Here’s an except of an interesting article by Victor Davis Hanson titled The Destiny of Cities. In reading his discussion of the events that drove the decline of former great cities like Pompeii or Florence, and events that could lead to the same decline of New York today, it’s clear to me that these factors–capital flight and overly redistributive taxes–are already happening in Johannesburg, and Cape Town is clearly benefiting from this trend. When you look at South Africa as a whole, other major cities like London, New York and Hong Kong are benefiting from what’s going on in South Africa.
What could actually end New York, at least as we know it, is commercial failure. The chief danger would be a massive flight of capital, the sort of fate that doomed Renaissance Florence as a banking center. By the seventeenth century, the riches of the New World, Europe’s bustling Atlantic seaports, and Florence’s internecine tribal feuding finally made irrelevant the Medicis’ traditional role as the financial hub facilitating eastern Mediterranean commerce with Asia’s overland spice and silk routes. When Florence’s commercial income ran out and its bankers left, the Florentine cultural renaissance ended. By the eighteenth-century age of the franc, guilder, peso, and pound, it was hard to remember that between 1300 and 1500, the florin had been Europe’s benchmark gold coin.
Examples abound of capital fleeing cities and taking culture with it. Long before the Reconquista drove Islam out of Iberia, eleventh-century Muslim Córdoba—increasingly ill-governed and burdened with court intrigue—tired of its allegiance to free thought, no longer welcomed freewheeling commerce, and became an intolerant Islamic backwater where books were burned rather than produced. Timbuktu, a sixteenth-century crossroads between northern and western Africa, declined as a center for learning after slave traffic and the gold and salt trade routes shifted. Money drives art and culture, and without the ongoing creation of prosperity, higher pursuits die on the vine.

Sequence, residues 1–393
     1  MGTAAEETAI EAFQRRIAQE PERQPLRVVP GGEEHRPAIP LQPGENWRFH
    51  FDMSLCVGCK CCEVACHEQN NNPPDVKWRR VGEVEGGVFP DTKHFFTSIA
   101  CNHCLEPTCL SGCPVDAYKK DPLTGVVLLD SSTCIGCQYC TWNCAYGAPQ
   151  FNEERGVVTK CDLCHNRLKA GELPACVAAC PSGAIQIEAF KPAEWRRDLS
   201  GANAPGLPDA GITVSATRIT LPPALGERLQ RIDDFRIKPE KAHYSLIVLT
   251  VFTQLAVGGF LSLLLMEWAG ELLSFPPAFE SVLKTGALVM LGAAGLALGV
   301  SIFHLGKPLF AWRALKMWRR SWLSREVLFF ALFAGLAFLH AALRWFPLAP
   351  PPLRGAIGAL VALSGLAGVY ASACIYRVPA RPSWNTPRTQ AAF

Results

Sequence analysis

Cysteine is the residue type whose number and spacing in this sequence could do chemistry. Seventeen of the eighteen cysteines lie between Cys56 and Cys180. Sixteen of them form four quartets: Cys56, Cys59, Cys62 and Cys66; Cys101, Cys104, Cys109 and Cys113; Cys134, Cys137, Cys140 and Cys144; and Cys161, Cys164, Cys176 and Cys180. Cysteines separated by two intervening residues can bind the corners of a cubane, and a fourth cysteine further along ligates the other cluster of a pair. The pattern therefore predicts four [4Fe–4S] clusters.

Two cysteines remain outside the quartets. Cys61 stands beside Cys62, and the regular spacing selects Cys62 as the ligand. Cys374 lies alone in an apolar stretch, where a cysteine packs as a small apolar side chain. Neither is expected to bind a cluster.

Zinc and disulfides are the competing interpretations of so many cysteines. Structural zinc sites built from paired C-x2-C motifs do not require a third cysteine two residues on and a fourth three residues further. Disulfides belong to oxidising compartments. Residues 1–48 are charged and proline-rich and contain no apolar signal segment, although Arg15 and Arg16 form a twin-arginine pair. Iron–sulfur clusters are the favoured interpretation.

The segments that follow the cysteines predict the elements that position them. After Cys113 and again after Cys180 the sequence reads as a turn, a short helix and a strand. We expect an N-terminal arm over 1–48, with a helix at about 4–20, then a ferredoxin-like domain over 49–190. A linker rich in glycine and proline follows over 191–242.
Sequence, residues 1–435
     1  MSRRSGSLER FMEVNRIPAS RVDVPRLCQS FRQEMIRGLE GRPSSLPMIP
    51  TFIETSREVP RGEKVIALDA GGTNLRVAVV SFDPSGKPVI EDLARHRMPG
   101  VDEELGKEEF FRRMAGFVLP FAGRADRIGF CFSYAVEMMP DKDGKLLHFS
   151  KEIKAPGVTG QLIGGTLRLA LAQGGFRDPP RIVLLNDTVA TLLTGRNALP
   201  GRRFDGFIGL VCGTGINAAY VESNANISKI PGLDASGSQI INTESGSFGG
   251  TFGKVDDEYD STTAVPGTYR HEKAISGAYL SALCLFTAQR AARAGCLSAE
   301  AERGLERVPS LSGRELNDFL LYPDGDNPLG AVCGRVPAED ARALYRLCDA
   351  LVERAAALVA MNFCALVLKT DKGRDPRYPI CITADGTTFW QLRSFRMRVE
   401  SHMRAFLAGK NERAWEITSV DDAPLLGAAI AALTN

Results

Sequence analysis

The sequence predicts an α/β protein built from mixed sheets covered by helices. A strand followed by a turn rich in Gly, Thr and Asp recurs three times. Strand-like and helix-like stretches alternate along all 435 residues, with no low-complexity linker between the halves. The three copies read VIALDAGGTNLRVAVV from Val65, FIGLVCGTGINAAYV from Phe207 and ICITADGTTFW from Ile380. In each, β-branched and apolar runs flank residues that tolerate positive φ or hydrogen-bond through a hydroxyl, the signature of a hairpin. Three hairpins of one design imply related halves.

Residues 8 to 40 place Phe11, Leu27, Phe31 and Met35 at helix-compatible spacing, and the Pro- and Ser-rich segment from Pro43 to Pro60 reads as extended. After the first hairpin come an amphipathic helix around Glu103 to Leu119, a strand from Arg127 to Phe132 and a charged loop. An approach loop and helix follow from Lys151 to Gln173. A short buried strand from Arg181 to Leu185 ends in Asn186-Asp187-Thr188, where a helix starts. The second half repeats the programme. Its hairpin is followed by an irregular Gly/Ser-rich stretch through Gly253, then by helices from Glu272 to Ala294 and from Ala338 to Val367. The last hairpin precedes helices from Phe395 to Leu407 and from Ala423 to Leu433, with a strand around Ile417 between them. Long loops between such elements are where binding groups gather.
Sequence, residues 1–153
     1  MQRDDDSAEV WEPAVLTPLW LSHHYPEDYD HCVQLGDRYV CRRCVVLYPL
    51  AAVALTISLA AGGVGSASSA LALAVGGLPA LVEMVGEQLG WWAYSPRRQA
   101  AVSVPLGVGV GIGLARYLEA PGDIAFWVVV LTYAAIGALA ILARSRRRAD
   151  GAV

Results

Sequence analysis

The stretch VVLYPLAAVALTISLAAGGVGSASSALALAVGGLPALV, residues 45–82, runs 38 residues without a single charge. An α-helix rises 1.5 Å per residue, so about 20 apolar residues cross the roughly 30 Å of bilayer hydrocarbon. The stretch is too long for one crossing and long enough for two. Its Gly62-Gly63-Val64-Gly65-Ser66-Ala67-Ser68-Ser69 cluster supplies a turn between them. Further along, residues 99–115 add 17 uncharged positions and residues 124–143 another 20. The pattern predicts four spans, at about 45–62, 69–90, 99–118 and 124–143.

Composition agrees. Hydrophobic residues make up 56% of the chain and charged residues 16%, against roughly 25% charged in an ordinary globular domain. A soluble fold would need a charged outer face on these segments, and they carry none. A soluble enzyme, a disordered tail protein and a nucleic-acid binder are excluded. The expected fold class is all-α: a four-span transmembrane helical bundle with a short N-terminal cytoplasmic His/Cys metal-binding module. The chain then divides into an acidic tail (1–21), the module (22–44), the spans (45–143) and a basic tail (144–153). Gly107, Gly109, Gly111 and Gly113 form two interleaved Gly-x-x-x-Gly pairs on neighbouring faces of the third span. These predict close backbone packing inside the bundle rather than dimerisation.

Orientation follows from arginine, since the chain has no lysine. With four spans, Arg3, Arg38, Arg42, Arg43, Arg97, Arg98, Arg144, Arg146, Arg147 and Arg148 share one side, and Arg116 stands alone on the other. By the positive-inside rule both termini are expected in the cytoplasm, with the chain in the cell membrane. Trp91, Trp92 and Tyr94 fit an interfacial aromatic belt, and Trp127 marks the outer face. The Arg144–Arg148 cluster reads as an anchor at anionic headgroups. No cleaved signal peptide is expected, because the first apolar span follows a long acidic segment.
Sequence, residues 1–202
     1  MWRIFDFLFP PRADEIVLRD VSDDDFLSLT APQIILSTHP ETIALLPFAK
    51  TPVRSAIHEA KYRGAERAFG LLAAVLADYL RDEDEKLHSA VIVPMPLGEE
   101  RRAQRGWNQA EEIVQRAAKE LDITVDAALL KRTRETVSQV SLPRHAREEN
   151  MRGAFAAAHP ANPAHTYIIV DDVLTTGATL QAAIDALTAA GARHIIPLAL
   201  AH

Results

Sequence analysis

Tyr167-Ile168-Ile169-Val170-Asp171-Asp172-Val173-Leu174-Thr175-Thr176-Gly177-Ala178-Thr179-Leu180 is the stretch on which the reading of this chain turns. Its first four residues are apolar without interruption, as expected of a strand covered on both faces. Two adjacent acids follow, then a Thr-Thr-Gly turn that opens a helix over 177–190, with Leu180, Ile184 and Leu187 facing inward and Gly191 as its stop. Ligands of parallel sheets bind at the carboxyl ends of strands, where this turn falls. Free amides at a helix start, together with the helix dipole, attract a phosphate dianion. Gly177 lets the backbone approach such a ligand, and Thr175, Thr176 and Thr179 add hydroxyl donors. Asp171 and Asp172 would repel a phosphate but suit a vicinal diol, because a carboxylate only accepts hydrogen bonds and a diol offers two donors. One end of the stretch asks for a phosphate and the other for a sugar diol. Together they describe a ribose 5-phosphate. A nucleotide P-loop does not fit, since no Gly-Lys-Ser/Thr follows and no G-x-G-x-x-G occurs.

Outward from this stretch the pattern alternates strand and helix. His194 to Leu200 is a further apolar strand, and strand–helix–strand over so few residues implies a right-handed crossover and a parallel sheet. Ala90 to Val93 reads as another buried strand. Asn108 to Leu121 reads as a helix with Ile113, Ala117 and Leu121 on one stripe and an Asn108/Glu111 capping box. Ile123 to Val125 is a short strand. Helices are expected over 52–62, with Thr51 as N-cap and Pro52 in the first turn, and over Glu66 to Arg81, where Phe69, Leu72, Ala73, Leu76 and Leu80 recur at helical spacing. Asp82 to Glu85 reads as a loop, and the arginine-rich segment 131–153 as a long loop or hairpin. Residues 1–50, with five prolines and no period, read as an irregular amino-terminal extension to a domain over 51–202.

If New York’s financial class fears that New York is becoming a completely redistributive city, it will likewise begin to leave. Already, the combined state and city income-tax rate is 12.62 percent for the highest earners, and in 2011, if Congress adopts President Obama’s tax policies, the combined federal, state, and local tax bite on each added dollar of income for those earners will exceed 50 percent for the first time in 25 years (see “Empire of Excess,” Winter 2010). New York’s increasingly confiscatory and redistributive policies, then, could drive capital to lower-tax southern or midwestern states eager to have it. There is nothing to prevent Charlotte from taking over New York’s preeminent banking role, or Dallas–Fort Worth—America’s fastest-growing urban center—from becoming the nation’s corporate capital. Atlanta, Denver, and Seattle could just as easily divide up much of New York’s cultural leadership.
Capitalists might also flee America’s climbing tax rates and regulations and re-create New York abroad by outsourcing its financial disciplines to Frankfurt, Zurich, Tokyo, Shanghai, and Singapore. The resulting impoverishment back home, in which spiraling municipal deficits would lead to calls for higher taxes on the fewer remaining high-income earners, would leave New York’s current attractions—musical performances, literature, theater, museums, foundations, and universities—without the high-octane financial fuel that propels them.